Title: Volatile profile comparison of USDA Sweet-orange-like Hybrids vs. ‘Hamlin’ and ‘Ambersweet’ Authors
Submitted to: HortScience
Publication Type: Peer Reviewed Journal
Publication Acceptance Date: August 5, 2014
Publication Date: N/A
Interpretive Summary: Six early season hybrids that are sweet-orange-like in fruit size, color, and taste were analyzed for volatile profiles by using a combination of headspace solid phase microextraction (SPME) sampling technology and gas chromatography–mass spectrometry (GC-MS) analytical methods. Cluster and principle component analysis (PCA) analysis based on 135 volatile compounds support the classification of the hybrids as sweet orange - the hybrids are similar to commercial sweet orange in the juice flavor.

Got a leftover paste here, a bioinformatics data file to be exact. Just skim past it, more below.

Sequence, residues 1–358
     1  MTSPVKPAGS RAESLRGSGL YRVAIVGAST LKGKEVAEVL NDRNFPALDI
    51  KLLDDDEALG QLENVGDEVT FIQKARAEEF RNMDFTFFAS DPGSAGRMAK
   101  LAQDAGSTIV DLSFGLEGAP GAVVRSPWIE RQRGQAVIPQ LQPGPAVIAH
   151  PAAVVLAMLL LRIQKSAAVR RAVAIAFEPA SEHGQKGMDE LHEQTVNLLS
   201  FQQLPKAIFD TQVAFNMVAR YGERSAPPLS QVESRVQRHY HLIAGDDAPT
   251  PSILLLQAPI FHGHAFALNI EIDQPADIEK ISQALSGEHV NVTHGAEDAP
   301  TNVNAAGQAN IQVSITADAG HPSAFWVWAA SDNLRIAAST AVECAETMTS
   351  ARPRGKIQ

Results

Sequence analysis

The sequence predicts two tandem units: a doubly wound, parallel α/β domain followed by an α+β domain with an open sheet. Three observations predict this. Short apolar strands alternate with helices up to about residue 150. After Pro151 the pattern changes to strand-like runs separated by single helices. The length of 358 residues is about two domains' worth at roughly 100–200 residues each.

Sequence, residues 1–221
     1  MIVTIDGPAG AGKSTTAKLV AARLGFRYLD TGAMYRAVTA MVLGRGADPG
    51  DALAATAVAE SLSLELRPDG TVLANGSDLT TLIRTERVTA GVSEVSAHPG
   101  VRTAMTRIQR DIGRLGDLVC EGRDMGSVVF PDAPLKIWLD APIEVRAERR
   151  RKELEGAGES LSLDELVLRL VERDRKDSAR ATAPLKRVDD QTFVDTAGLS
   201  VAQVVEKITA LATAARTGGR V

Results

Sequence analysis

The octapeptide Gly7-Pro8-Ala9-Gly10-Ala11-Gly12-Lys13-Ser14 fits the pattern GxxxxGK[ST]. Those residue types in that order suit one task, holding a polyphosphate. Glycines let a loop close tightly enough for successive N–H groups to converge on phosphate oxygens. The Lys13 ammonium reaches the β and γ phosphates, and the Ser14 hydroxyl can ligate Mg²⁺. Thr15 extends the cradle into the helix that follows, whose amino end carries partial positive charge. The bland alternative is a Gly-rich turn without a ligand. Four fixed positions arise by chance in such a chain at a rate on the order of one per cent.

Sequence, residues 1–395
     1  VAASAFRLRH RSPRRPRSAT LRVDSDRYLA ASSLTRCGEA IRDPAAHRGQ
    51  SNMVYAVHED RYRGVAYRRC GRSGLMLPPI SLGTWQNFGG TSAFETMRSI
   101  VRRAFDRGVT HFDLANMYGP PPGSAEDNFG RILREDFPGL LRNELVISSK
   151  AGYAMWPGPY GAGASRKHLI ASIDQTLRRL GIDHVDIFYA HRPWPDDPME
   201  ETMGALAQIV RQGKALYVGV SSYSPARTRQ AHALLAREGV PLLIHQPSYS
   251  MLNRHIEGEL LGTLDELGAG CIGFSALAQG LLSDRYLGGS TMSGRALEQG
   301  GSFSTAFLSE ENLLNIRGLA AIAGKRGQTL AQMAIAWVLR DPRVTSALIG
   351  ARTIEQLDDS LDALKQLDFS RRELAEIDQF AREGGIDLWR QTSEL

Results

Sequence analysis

Technical Abstract: Six orange hybrids, formed by crossing ‘Ambersweet’, a hybrid classified as sweet orange, with one of three different hybrids, were selected for fruit size, color, and taste as potential new sweet orange cultivars. The objective of this research was to analyze the volatile profiles of these hybrids for comparison with ‘Ambersweet’, one of the parents, and ‘Hamlin’, the most widely grown early sweet orange in Florida. All hybrids are at least ½ sweet orange and varying amounts of mandarin, grapefruit, Poncirus trifoliata, and sour orange in each pedigree. In total, 135 volatiles were detected in the 8 hybrid lines/commercial cultivars over two harvests, and 20 compounds were detected in all samples, including terpenes (limonene, ß-myrcene, a-pinene, a-terpinene, a-terpineol and linalool), esters (ethyl butanote, ethyl pentanoate and ethyl acetate), aldehydes (acetaldehyde, hexanal, and nonanal) and alcohols (ethanol and hexanol). Total abundance of volatiles in January-harvested fruits averaged 30% higher than for fruits of the same trees harvested in November. ‘Ambersweet’ contained the highest total amount of volatiles (mainly due to very high levels of monoterpenes), and of them, nootkatone, and six other compounds were not detected in any of the hybrids, and some of them were also not detected in ‘Hamlin’. On the other hand, 12 compounds, including pentanal, ethyl 2-butenoate, and ethyl nonanoate were not detected in ‘Ambersweet’, but were found in ‘Hamlin’ and some of the hybrids. Cluster analysis separated the cultivar/hybrid and harvest time combinations to three clusters. FF-1-76-50, FF-1-76-52 and January FF-1-75-55, all with the same parents (‘Ambersweet’ x FF-1-30-52) were close to FF-1-65-55, but they were separated from ‘Hamlin’ and further separated from ‘Ambersweet’. The cluster containing ‘Hamlin’ has three subclusters: January ‘Hamlin’ and November FF-1-74-14, a hybrid with 1/8 P. trifoliata, which includes a slight off-flavor frequently found in P. trifoliata hybrids, independent to each other and both were separated from a group of November ‘Hamlin’, FF-1-64-97 and FF-1-75-55. The cluster containing ‘Ambersweet’ included January FF-1-64-97. A principle component analysis (PCA) separated ‘Ambersweet’ from all hybrids and ‘Hamlin’ along the PC 1 axis and separated November harvests from January harvests along PC 2. This volatile analysis supports the classification of the hybrids as sweet orange.